As organizations evaluate penetration tests and other types of security consulting, one of the common questions we get at Secure Ideas is, “What is the deliverable?”. This is an important question since the deliverable is the formal record of the assessment activities and recommendations. So what should you expect, and why are the pieces important? Let’s look at each piece now:
This section of the report describes the history, the purpose, and a summary of the engagement. It tends to be written for non-technical, executive-level personnel so that they can understand the parts and results of the penetration test without needing to fully understand the technical details. This section will also provide risk-based guidance on the priorities for addressing findings. Finally, the executive summary may list factors that are helping or harming the security posture of the organization.
This section contains a narrative of the testing process. It serves two primary purposes based on the mix of goals most organizations have for their penetration testing:
First, it provides an explanation of what happened during the testing. It walks the reader through the procedures and thought process the tester followed. This helps as the organization determines how to reproduce the findings and remediate the various issues. In some cases, it may also describe how a combination of vulnerabilities were exploited to reach a critical objective.
Second, the narrative walks through various parts of the testing that did not result in findings. While this often seems counterintuitive, good documentation of what tests failed helps the organization understand what security controls are working properly within its security program. This can also help account for effort when a test has very few findings to report.
Findings and Recommendations
The findings and recommendations section is often the most significant portion of the testing deliverable to those accountable or responsible for remediation. As the section is titled, everything in it is split into two pieces: the finding and our recommendation.
The finding is the description of the problem uncovered in the application. They can be anything from SQL injection to a misconfiguration within the platform hosting the application. Each finding outlines these three items:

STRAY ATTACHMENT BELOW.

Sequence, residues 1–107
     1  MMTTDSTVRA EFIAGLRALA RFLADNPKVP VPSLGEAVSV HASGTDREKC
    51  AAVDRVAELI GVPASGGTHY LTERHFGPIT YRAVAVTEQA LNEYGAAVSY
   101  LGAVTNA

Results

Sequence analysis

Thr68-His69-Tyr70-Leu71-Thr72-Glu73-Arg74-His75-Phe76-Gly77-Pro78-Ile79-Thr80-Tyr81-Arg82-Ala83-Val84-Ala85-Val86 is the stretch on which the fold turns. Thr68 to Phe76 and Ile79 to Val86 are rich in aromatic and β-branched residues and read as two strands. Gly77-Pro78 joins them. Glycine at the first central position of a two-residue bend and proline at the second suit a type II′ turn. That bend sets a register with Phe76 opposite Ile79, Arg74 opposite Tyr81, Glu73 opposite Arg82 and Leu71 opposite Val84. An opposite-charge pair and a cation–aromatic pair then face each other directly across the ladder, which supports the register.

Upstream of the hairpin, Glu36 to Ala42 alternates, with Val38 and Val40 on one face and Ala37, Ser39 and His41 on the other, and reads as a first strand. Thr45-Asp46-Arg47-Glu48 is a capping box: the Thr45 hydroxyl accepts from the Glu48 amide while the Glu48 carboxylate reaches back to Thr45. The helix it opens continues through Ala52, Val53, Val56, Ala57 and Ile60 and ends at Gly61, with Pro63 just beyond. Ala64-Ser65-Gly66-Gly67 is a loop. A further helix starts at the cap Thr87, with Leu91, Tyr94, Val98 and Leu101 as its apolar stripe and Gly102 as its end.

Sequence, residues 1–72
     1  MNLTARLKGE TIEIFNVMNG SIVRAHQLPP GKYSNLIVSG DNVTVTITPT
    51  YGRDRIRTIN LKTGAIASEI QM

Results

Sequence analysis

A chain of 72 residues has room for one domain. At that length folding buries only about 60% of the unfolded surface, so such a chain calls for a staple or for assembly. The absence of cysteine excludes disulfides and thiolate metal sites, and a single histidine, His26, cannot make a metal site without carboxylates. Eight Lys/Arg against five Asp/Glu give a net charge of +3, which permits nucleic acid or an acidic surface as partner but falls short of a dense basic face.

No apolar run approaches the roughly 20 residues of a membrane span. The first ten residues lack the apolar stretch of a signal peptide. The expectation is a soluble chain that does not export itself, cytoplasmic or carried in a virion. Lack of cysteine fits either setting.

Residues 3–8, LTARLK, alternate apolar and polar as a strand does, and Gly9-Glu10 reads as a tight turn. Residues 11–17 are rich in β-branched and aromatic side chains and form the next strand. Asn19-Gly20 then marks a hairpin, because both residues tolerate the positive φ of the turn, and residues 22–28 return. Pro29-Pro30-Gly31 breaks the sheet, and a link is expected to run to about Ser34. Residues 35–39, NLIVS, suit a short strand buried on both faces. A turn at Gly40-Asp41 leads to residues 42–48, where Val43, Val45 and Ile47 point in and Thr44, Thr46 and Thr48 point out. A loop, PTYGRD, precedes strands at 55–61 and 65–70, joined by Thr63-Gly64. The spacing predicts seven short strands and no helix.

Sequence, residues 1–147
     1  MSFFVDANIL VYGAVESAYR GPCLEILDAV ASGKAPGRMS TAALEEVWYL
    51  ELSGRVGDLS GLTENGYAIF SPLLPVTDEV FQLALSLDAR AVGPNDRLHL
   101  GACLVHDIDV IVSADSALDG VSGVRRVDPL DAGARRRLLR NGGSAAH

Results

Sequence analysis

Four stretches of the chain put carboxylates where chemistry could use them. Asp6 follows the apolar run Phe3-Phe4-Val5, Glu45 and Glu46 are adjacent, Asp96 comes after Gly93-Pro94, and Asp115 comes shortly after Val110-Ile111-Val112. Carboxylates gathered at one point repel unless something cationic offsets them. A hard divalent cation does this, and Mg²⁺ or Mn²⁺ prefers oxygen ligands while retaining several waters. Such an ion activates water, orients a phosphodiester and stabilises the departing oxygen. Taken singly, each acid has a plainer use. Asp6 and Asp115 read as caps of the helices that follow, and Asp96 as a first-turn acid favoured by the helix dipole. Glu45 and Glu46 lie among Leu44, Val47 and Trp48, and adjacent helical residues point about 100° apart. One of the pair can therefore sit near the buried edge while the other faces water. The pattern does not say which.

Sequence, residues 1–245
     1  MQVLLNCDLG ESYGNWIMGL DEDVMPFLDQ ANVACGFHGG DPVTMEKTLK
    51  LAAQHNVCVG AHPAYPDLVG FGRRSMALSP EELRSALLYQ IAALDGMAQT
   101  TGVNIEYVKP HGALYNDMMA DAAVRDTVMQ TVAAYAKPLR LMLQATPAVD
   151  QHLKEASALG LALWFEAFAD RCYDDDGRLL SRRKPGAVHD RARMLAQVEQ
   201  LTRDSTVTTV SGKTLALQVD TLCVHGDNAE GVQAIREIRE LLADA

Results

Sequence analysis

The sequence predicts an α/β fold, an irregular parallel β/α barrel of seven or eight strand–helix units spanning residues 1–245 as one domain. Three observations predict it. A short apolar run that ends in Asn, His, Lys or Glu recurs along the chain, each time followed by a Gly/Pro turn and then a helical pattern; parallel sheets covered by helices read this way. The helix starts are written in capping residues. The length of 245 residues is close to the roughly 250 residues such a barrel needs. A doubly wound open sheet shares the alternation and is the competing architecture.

- Summary: The summary is a general explanation of what the finding means. For example, it would describe how Cross-Site Scripting (XSS) works and how that can be exploited. It may also explain the typical risks associated with this type of finding.
- Finding: The finding section will explain the specific details of this finding as they pertain to this test, such as wherein the application a vulnerability was discovered, or which hosts and ports were found to susceptible to a configuration flaw. This is where the reader will find steps to reproduce an issue or specific evidence demonstrating the issue. Some examples of information that may be included are URLs, payloads, port numbers, testing tools and techniques used, steps to reproduce, and screenshots.
- Recommendations: The recommendation section is meant to contain a solution or remediation for the finding. Sometimes this may include multiple options to solve the issue, or even multiple steps that must be implemented in concert. This recommendation is based on the experience Secure Ideas’ consultants have running and developing applications throughout their careers. (As outlined elsewhere, Secure Ideas senior consultants are hired from developers, system administrators, and other IT skill sets.) In general, Secure ideas attempts to provide recommendations that are actionable, and if multiple are included, the pros and cons of each will be covered.
At first glance, this section may seem similar to the Findings and Recommendations section of the report. It outlines any recommendations that Secure Ideas believes the organization should consider as future improvements for its security posture, even though there may not be a specific finding or one that warrants a full finding. These are meant to assist organizations in were to consider future investments in IT Security. For example, we may recommend additional developer training due to the types of flaws found within the application. While the application developers' skills and knowledge aren't really in scope for a penetration test, we may infer from the findings that the organization would benefit by providing additional training.
While not a part of every deliverable, sometimes within a penetration test, there is data collected that needs to be communicated to the client organization. This is where that would be placed. For example, if Secure Ideas found leaked credentials for an application, we would record the specific accounts discovered in an appendix so the client can communicate with those users. Another reason for an appendix is if a finding is discovered in so many areas of the application the list would impact the readability of the report. We would create an appendix listing those locations.
What you need to know
Since the report is the only persistent part of a penetration test, companies must know what they will receive when choosing between vendors. As you discuss your testing AND reporting needs, make sure to request a sample report, and discuss your expectations with the consultants. Also, remember that the sample will be redacted or sanitized to protect the original client's information. If it is sanitized past the point of usefulness, move on to another company.
At this point you might be wondering if Secure Ideas provides a sample report. Of course we do! It is downloadable from our article: Can We See a Sample Report?